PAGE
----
Over one-third of UK firms (primarily small- and medium-sized enterprises [SMEs]) are still reporting ongoing challenges with customs. Overall, it has been a mixed experience for the manufacturing sector in the first half of 2021.
The beginning of 2021 also saw new arrangements for UK visitors traveling to the EU on work-related matters. The UK is now a “third country” from an EU point of view and UK employers have to navigate individual EU member state rules for their mobile workforce. Whether a business traveler will need to apply for a visa or not depends on the nature of the business visit and what the traveler will be undertaking in each country. If travelers are considered to be working by undertaking commercial or customer-facing activity, they may need both a visa and a work permit. However, attendance to conferences and symposiums, either as an audience member or as speaker, should be exempt.
The impact of these changes on business travel has yet to be tested, and the true impact will only be appreciated once the COVID-19 restrictions to international movement are fully lifted. With the UK taking back full regulatory autonomy, manufacturers face many new rules that apply to the UK market. In recent years, much of the UK regulatory environment for manufacturers in areas including employment regulation, environmental and climate controls and product legislation had been developed at EU levels with the UK contributing to its design. With the UK’s exit from the EU, these powers have now returned to the British Government and in some cases to the UK devolved administrations (Scotland, Northern Ireland and Wales). The Government will need to decide how it will exercise this sovereignty to the benefit of businesses and consumers in the UK.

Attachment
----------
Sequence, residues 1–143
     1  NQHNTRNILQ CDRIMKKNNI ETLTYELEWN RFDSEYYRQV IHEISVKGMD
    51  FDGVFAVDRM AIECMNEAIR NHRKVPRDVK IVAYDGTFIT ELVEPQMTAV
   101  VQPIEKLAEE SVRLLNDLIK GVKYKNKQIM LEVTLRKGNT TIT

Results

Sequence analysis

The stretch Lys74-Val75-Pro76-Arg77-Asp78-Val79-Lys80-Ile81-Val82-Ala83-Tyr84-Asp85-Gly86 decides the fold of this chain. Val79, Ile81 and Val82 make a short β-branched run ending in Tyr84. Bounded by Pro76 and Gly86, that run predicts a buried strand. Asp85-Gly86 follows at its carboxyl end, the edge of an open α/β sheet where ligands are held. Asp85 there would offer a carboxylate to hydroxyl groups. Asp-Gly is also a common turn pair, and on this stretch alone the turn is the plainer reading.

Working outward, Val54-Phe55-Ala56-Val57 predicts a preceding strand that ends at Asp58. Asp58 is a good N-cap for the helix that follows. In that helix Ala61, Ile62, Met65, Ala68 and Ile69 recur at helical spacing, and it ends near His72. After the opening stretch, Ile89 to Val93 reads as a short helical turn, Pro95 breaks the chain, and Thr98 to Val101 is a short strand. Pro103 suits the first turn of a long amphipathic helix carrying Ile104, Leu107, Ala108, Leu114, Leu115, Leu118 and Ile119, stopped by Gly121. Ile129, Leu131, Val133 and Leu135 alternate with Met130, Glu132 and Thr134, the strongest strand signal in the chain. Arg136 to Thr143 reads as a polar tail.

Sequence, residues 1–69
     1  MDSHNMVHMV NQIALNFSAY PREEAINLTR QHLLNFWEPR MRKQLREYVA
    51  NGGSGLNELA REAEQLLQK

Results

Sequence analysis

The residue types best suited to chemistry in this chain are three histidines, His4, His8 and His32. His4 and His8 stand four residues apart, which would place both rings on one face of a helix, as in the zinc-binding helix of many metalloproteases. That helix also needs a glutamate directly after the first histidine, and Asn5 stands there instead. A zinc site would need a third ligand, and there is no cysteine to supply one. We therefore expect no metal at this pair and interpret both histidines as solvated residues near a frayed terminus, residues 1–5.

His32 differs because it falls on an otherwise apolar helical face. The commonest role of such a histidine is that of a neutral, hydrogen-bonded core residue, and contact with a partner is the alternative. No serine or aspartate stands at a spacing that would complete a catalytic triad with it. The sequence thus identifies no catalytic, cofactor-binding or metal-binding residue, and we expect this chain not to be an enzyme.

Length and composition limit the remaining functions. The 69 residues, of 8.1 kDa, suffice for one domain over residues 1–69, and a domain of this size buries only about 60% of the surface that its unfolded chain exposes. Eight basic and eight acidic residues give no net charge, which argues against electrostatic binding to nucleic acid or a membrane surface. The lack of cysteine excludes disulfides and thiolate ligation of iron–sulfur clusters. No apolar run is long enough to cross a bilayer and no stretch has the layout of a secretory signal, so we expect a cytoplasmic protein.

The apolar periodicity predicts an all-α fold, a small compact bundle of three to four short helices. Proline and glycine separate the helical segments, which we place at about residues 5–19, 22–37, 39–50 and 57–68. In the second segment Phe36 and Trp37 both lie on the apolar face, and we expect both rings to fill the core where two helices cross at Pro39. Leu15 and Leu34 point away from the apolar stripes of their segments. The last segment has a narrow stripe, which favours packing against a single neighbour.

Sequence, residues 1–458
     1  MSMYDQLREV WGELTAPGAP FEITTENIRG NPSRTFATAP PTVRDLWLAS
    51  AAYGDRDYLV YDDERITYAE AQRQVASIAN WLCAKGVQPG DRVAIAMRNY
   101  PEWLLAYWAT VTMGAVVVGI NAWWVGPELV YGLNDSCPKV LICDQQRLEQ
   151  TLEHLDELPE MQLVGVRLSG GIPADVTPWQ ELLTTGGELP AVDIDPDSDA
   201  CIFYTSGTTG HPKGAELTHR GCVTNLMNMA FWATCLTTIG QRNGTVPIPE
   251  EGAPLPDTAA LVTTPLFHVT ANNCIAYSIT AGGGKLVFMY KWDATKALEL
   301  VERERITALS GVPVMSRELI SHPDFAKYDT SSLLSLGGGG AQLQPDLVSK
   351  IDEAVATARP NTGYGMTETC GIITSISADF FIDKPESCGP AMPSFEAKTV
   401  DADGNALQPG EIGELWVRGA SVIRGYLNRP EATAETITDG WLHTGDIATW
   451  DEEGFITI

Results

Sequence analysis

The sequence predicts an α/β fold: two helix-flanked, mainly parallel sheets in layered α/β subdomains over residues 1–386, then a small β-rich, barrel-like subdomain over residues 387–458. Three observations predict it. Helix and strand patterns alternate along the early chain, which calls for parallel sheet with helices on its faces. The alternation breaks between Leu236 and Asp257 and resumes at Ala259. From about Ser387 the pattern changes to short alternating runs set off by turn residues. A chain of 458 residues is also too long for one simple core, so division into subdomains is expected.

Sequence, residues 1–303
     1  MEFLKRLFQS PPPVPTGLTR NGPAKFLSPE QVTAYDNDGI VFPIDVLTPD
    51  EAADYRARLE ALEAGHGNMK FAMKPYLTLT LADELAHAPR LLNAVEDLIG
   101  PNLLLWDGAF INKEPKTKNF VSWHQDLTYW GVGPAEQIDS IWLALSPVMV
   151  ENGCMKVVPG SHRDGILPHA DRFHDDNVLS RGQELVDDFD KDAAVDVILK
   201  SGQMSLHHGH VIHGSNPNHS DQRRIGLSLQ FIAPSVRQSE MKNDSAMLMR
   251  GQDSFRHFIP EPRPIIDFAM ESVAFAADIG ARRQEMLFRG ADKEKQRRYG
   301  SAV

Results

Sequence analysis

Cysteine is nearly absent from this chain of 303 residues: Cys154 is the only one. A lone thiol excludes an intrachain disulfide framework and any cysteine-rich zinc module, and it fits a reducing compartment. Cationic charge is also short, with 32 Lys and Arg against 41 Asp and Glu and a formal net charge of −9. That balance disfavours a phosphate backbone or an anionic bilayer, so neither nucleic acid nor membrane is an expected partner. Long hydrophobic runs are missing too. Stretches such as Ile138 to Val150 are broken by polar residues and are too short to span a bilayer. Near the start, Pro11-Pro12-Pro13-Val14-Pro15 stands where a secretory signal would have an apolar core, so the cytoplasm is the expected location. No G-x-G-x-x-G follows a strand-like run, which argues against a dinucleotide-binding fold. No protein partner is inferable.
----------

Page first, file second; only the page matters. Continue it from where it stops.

There are calls on the Government to help ease ongoing difficulties and work with the EU to seek mutually beneficial improvements to the trading relationship. The new trading environment has ramped up costs, caused import and export delays and is hampering smooth trade as companies struggle to recover from the COVID-19 pandemic.
Key findings of the report include:
• Ninety-six percent of UK companies have struggled to adapt to the new trading environment since the start of the year
• Forty-seven percent had difficulty with customs processes initially; this has improved as companies come to a better understanding of the new rules
• Still, 36% are still struggling with the new customs procedures and paperwork
• Twenty-nine percent say that providing evidence of the origin of their products proves challenging
• There is high uncertainty surrounds business travel, as international travel is only now reopening for business; companies haven’t had the chance to test their understanding of business travel rules for the various EU countries
• Eighty-six percent of manufacturers want Government to work with the EU to ease the difficulties around export processes and customs formalities